The wizard said he had no need for worldly goods, so the Welshman gathered up as much as he dared, and heavily burdened he joined the wizard in ascending the stairs. The wizard passed the bell easily but the Welshman brushed against it, releasing a thundering sound. One of the largest warriors stirred and asked "Is it the Day?" but the Welshman replied "No sleep on" and the warrior closed his eyes and resumed his slumber. They then continued their ascent, through the opening of the entrance, and out into bright sunlight.

The years flew by, and he never saw the wizard again, and when he had spent all his gold the Welshman returned to the cave for more of the treasure. He found the slab easily enough, and went down once more into the cavern. He crept past the circle of warriors, and filled a sack he had brought with him till it nearly burst. Toiling up the stone steps he tried to squeeze round the bell, but his immense sack of treasure caught it, and its thundered around the cave once more. One of the knights awoke and asked if it was the day. The Welshman, who had grown soft of mind and body in the years of "squandered wealth," fumbled for the answer but couldn't remember what he was supposed to say.

Suddenly, in a tumultuous sound of crashing armour, all the warriors awoke and caught hold of him, they beat him to within inches of his life and cast him from the cavern. He remained lame and poor for the rest of his life, and could never find the cave again no matter how hard he tried.
The full story can be found in 'The Recollections and Anecdotes of Edward Williams, London, 1850, by Elijah Waring.


This site has the story of Upsall Castle in England

This one has a dreamer who listens to his dreams and goes to London Bridge where he meets someone who also dreams. The second dreamer laughs and tells the first dreamer of an extraordinary dream of treasure buried in a specific spot next to Upsall Castle which of course was where the first dreamer was from. He immediately went home and dug up his treasure and found some strange writing on the lid of the treasure box. The box was preserved in the village inn, where one day a bearded stranger made his appearance, saw the box, and read the inscription, the plain English of which was:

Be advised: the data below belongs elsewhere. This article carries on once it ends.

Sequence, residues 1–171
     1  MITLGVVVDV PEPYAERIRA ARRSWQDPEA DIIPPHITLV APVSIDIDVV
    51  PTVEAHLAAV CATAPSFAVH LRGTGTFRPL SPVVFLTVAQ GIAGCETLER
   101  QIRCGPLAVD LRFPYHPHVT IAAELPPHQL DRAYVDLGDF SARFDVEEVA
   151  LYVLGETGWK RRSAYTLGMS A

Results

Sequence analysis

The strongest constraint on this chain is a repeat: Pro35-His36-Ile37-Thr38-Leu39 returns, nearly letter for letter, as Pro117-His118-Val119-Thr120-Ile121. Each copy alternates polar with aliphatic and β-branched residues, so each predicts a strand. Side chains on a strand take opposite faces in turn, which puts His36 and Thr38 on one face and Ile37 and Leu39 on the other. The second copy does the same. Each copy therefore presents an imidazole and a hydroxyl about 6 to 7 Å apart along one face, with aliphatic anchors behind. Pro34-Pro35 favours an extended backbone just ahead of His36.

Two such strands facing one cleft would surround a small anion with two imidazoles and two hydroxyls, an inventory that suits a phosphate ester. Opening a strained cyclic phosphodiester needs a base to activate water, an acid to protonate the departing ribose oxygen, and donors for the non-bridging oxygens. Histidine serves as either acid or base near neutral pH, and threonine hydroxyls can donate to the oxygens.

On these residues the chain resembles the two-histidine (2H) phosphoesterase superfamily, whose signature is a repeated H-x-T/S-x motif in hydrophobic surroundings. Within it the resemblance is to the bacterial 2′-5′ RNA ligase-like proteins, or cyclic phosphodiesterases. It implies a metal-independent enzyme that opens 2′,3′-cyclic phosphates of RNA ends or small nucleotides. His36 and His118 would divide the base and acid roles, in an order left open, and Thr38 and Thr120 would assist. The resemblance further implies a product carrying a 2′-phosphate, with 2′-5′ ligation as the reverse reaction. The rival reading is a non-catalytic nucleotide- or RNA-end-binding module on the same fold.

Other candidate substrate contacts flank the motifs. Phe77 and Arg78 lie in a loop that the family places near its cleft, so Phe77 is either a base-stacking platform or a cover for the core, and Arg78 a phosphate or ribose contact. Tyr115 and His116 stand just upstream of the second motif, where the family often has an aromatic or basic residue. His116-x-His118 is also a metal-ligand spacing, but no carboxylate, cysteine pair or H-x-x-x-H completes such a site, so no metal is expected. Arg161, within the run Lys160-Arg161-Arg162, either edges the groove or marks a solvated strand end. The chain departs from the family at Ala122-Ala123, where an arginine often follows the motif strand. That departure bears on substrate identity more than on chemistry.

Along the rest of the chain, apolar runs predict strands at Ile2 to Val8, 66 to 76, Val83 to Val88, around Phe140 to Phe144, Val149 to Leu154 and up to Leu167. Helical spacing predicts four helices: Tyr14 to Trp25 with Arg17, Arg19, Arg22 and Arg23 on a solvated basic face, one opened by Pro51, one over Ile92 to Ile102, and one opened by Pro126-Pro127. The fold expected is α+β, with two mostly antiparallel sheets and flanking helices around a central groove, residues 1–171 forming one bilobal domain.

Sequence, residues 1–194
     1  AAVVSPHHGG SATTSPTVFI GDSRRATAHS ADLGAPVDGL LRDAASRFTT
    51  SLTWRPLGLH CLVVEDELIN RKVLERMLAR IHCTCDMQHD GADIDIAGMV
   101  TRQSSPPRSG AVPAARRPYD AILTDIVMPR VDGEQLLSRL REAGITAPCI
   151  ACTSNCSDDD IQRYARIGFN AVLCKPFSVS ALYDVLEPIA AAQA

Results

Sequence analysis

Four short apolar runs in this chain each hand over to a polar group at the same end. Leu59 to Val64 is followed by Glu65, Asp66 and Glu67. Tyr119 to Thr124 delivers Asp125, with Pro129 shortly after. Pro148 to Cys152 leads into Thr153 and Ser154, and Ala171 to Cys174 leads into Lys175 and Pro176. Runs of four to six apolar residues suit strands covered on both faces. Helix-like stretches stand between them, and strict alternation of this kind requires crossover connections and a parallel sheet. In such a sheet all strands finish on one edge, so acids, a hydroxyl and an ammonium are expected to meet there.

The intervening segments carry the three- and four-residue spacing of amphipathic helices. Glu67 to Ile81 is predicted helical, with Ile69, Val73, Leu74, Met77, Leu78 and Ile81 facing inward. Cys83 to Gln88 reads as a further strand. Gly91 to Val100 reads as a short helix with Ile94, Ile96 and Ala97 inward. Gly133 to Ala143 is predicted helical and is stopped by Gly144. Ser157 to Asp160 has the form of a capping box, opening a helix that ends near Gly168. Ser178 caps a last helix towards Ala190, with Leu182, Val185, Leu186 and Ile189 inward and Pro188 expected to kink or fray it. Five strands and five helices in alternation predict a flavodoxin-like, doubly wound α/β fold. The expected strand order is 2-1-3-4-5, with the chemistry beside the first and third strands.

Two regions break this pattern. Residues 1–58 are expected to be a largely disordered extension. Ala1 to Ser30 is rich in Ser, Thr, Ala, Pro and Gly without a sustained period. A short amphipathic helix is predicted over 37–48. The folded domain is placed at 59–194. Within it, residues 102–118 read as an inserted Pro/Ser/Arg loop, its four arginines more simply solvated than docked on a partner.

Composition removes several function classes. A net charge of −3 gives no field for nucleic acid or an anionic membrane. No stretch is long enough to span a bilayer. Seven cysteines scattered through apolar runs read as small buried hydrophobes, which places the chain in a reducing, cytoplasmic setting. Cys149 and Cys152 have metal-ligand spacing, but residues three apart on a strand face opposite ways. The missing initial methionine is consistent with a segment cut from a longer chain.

Look lower, where this stood
Is another twice as good.

The dreamer, hearing this, returned to the spot, dug deeper, and found another treasure more valuable than the first. Encouraged by this, he dug deeper still, and found another yet more Treasure.
From: Eliza Gutch, County Folk-Lore, vol. 2: Examples of Printed Folk-Lore Concerning the North Riding of Yorkshire, York, and the Ainsty (London: Published for the Folk-Lore Society by David Nutt, 1901), pp. 408-409.

The Isle of Man also has one of these magical treasure stories, in which London Bridge is featured. Swaffham of Norfolk has a Peddler dreamer who was directed to go to London Bridge. There he was directed by a second dreamer to look for buried treasure in his home. He became a very wealthy man and had his church refurbished with the money (very different than the Welshman who went soft in the head from his greed). To this day (supposedly) you can see a statue inside the church of a peddler with his pack on his back and his dog at his heels. (Pretty neat) Source: Edwin Sidney Hartland, English Fairy and Other Folk Tales (London, ca. 1890), pp. 76-77. Hartland's source is the diary of Abraham de la Pryme, Nov. 10, 1699.

This website has a story of the Witches of Llanddona:

"Long ago a boat came ashore in Red Wharf Bay, without rudder or oars, full of men and women half dead with hunger and thirst. In early days it was the custom to put evil-doers in a boat to drift oarless and rudderless on the sea..." And the story unfolds of a brave man and how he outfoxed the witches so that now the descendants of both witch and villager live peacefully together. (And you can tell the descendants of the witches because they have extra digits.)